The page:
‘6 Days’ Review: Britain’s Own True-Life Hostage Crisis Is No ‘Argo’

London’s 1980 hostage situation at the Iranian embassy was edgy and taut; the movie version gives it the blandly commercial action treatment

Last Updated: August 14, 2017 @ 3:06 PM

Limply following in the footsteps of “Munich,” “Zero Dark Thirty” and “Argo” is the terrorist hostage thriller “6 Days,” a dramatization of the Iranian embassy crisis that gripped the UK in the spring of 1980. The core ingredients are all there for an absorbing rehashing of events but, as unveiled — even with a solid cast that includes Jamie Bell in paramilitary gear, Mark Strong turning up the gravity in his voice, and Abbie Cornish as a BBC reporter — it comes off all too often like a routine siege picture with a testosterone insecurity.

You don’t need to be a student of history to appreciate the many tense elements in play when six armed Iranian Arabs stormed their country’s embassy in London and took over two dozen people hostage to protest Persian treatment of their minority in Iran. By that point, the US-Tehran hostage situation had been going on for months, and Margaret Thatcher — newly in power as Prime Minister — was eager to show British strength in the face of rising terrorism (both the Middle East and IRA kind).

While some preferred the idea of careful negotiation with the hostage takers, plans were also in place to launch an assault using Britain’s special forces. On top of that, news teams were camped outside to make sure anything that happened, good or bad, was seen by millions.

So why does New Zealand-by-way-of-England director Toa Fraser’s version of events, as scripted by Glenn Standring — a reteaming of the pair behind the Maori adventure saga “The Dead Lands” — feel so inconsequential and stiff? The main answer is that it’s confused about whether it wants to be a ticking-bomb tale of heroics or a complex insider account.

Fraser winds up with neither, unable to make phone conversations between Strong’s serious-minded police negotiator and the terrorists feel any different from an exchange you’d hear on a TV cop show, and so worried you’ll be bored (as marker “DAY 1” becomes “DAY 2” and so on) that he treats the SAS (Special Air Services) rehearsals for storming the embassy like action scenes in and of themselves. Sorry, but anyone fooled into a quickening heart rate by pretend-raids on a makeshift embassy set in a hangar is truly starved for excitement.

The problems start early. “6 Days” can’t be bothered with threading names and locations into expository scenes — too hard! — so it sets everything up the information-overload way, with the real-life players’ names and job descriptions spelled out for us with captions. (No such tags for the baddies, however; maybe it would have looked silly to see “Salim: Terrorist.”)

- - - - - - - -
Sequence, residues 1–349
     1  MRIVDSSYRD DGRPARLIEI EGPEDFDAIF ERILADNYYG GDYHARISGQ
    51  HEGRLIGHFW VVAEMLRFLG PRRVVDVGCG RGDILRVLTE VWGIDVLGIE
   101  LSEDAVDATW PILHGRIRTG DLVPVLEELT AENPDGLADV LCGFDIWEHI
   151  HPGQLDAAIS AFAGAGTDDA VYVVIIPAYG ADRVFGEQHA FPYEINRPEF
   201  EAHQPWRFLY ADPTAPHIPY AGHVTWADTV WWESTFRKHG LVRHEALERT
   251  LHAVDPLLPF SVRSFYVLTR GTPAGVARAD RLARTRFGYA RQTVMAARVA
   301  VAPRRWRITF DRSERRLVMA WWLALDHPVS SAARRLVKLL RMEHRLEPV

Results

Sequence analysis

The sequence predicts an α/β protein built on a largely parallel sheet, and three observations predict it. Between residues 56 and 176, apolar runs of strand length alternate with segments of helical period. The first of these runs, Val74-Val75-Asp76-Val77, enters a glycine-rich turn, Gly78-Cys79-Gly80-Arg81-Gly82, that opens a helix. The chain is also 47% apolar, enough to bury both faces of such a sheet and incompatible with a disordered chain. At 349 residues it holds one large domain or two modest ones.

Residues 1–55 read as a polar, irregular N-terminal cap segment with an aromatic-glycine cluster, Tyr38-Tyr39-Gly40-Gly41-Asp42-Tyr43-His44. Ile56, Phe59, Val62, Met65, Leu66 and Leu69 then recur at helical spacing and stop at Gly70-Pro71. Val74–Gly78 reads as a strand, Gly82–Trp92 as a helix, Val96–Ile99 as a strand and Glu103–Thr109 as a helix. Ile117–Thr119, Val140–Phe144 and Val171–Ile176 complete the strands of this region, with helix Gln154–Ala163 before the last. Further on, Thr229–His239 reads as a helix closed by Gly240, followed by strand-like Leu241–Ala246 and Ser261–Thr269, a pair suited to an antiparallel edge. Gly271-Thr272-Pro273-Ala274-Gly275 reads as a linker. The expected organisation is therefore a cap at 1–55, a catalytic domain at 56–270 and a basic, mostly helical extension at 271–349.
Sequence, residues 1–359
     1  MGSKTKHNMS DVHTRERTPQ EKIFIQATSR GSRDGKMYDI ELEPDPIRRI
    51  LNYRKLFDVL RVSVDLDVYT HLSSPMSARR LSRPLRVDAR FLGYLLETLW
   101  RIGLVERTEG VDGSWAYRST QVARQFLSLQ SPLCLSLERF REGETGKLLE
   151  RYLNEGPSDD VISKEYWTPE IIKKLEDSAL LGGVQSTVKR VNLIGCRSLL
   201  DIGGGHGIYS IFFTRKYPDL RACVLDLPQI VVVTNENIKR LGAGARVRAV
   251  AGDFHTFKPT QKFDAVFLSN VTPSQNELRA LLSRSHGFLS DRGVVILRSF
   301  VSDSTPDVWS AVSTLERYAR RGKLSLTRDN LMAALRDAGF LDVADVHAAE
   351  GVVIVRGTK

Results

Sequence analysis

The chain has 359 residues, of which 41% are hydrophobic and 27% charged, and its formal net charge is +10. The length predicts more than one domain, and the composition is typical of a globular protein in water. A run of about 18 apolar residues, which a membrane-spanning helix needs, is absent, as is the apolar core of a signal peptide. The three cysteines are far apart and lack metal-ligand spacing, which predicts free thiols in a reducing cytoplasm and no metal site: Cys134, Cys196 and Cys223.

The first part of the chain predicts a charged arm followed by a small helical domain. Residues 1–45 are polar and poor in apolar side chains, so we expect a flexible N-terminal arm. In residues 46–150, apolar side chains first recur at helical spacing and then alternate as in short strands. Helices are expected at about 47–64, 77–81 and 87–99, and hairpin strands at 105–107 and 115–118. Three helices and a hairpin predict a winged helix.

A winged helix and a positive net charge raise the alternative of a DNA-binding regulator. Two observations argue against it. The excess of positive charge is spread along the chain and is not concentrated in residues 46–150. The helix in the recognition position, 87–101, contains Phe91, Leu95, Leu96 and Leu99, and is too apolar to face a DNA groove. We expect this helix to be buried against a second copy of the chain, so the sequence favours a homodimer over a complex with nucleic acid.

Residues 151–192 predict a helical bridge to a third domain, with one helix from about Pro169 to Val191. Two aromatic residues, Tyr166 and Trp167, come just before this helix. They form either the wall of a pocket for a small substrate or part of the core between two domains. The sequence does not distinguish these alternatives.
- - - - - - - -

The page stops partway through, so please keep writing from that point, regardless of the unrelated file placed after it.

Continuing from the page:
Then, when the places get identified with onscreen titles, (a briefing room for government bigwigs, the Royal College of General Practitioners) we also for some reason get their geographic relation to the Iranian embassy. (In case you need to know exactly how many doors down the authorities’ makeshift headquarters was from the embassy, it’s seven.)

Fraser admirably tries to kick-start the severity of the crisis right away, even if the tendency to be stylish trumps a lived-in period flavor. But even with a situation whose nerviness is baked in, it’s surprising how little suspense is generated, even with real-life details like a cop hostage harboring a weapon the gunmen don’t know about, or the constant worry that the terrorists — regrettably ill-defined as characters, mostly seen shouting or demanding — will start killing their captives. Maybe that’s because the title gives away when the special forces intervene. (Hint: it’s after “DAY 5.”)

The raid, meanwhile, is perfunctorily filmed, and an attempt to create an anticipated showdown between Bell’s gung-ho SAS operative Rusty Firmin and head terrorist Faisal (Aymen Hamdouchi, “War Machine”), set up only with an earlier scene in which Rusty stares intently at Faisal’s mug shot, feels woefully forced.

The performances, outside of Strong’s hyper-aware sensitivity as police inspector Max Vernon, barely register — and in the case of Cornish, whose newswoman cadence playing real-life correspondent Kate Adie is alarmingly stilted, come dangerously close to terrible. (I’d be surprised if Adie, who became a star because of her live reporting, isn’t offended by the cynical “I’ve got a scoop” smirk Cornish brazenly wears for much of the film.)

Bell’s SAS character Rusty, meanwhile, feels generic, and is stuck in a loop of waiting with his squad members for the go signal and doing practice drills. It may be reality, but it sure isn’t gripping as docudrama.

When you think of how skillfully the likes of Steven Spielberg, Ben Affleck and Kathryn Bigelow squeezed all they could from their politically charged, naturally pulsing tales of counter-terrorist action, you can’t help but view “6 Days” as a missed opportunity.